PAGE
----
- The ability to stretch VMware HA / DRS clusters across data centers for automatic restart and protecting VMs across multiple data arrays
- Load balancing of virtual machines across data centers
- Instant movement of VMs across distance
From a performance perspective, VPLEX/VE is targeted up to a 100K IOPS workload. Obviously, the true performance will depend on your workload. The deployment is designed to be customer installable from the get go. There is an installation wizard that guides you all the way through the installation. When GAd, please refer to the release notes to determine what kind of ESX Servers are supported for VPLEX/VE. The vDirectors need to be loaded onto separate ESX Servers such that no two vDirectors are deployed on the same ESX server. This is done so as to give the system maximum availability. Running application VMs on the same ESX server as that running the vDirector is supported. This means that you should be able to use your existing ESX servers (subject to the minimum requirement that will be established for the vDirectors).
The way that an I/O will flow is from the application VM (via iSCSI) to the VPLEX/VE vDirector VM and from there to the iSCSI array connected to VPLEX/VE. Speaking of which, right out of the chute, we support VNXe arrays. We will add other iSCSI arrays over time.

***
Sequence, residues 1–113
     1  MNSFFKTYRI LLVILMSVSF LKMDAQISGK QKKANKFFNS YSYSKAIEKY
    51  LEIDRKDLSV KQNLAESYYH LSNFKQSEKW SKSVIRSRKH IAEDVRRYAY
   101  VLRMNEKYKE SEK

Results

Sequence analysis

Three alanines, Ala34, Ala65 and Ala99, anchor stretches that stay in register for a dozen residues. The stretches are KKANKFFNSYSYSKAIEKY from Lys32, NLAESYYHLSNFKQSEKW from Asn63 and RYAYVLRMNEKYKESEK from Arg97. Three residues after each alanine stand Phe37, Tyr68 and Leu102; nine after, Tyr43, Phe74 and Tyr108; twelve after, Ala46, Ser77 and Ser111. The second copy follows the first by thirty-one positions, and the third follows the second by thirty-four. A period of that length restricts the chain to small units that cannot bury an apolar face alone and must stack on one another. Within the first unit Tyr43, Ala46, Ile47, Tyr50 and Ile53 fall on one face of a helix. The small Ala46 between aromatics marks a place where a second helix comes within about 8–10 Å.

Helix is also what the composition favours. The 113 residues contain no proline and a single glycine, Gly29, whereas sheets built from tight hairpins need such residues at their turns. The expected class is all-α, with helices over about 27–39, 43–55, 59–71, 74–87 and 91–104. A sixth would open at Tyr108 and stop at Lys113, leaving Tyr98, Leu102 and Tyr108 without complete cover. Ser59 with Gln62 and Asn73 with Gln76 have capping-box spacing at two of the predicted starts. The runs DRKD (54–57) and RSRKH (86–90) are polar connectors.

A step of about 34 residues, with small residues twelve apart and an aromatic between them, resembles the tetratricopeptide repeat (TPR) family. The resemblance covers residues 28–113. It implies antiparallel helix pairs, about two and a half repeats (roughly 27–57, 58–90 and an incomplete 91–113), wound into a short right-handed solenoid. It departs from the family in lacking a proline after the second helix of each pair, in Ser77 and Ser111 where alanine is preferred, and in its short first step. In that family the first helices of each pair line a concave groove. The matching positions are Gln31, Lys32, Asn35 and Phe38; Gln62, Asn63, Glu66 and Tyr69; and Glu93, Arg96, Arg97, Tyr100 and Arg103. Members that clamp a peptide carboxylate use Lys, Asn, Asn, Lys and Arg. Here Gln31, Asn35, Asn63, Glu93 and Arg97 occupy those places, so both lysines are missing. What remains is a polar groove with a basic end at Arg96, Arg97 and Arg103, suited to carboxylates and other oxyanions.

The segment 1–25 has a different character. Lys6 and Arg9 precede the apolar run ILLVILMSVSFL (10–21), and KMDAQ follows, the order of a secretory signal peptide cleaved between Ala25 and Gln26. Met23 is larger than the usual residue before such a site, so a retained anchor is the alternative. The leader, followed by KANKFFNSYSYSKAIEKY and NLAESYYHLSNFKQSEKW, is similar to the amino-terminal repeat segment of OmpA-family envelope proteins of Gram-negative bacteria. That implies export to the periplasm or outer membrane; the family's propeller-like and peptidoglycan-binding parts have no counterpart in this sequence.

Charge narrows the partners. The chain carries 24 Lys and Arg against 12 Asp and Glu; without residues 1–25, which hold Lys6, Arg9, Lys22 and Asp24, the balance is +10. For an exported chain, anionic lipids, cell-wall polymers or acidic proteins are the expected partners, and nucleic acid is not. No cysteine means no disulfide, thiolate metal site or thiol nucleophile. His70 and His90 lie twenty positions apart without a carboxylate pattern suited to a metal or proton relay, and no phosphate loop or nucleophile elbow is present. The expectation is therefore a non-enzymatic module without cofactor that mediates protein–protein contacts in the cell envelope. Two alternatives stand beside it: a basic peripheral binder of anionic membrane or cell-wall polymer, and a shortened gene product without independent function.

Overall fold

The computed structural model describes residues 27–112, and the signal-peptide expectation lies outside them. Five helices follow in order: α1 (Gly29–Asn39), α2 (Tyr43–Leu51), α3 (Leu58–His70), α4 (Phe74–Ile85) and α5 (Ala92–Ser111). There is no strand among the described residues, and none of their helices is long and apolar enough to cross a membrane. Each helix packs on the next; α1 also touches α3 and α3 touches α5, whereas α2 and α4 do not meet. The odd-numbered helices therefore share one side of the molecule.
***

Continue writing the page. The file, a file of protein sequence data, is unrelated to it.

With VPLEX/VE, we have had the opportunity to do a lot of things differently. One of our guiding principles was to not think of it as a storage product but rather to think of it as a product designed for VMware environments and targeted to an ESX Administrator. Naturally, I cannot wait to see this get into our customers hands and to see whether we have hit our marks and what adjustments are needed.
Equally importantly, this is a strategic imperative within EMC. You can expect to see a lot more of our product portfolio embarking on the software defined journey. There are a lot of intersects within the portfolio that we have only begun to explore (HINT: Composing software is a lot easier than composing hardware!).